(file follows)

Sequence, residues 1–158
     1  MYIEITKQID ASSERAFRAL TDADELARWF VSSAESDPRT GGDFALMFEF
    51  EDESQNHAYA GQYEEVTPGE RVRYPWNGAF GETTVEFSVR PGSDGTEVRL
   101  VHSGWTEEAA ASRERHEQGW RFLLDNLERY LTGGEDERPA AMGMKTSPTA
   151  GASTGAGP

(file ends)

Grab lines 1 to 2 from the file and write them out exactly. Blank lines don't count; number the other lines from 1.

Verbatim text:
Sequence, residues 1–158
     1  MYIEITKQID ASSERAFRAL TDADELARWF VSSAESDPRT GGDFALMFEF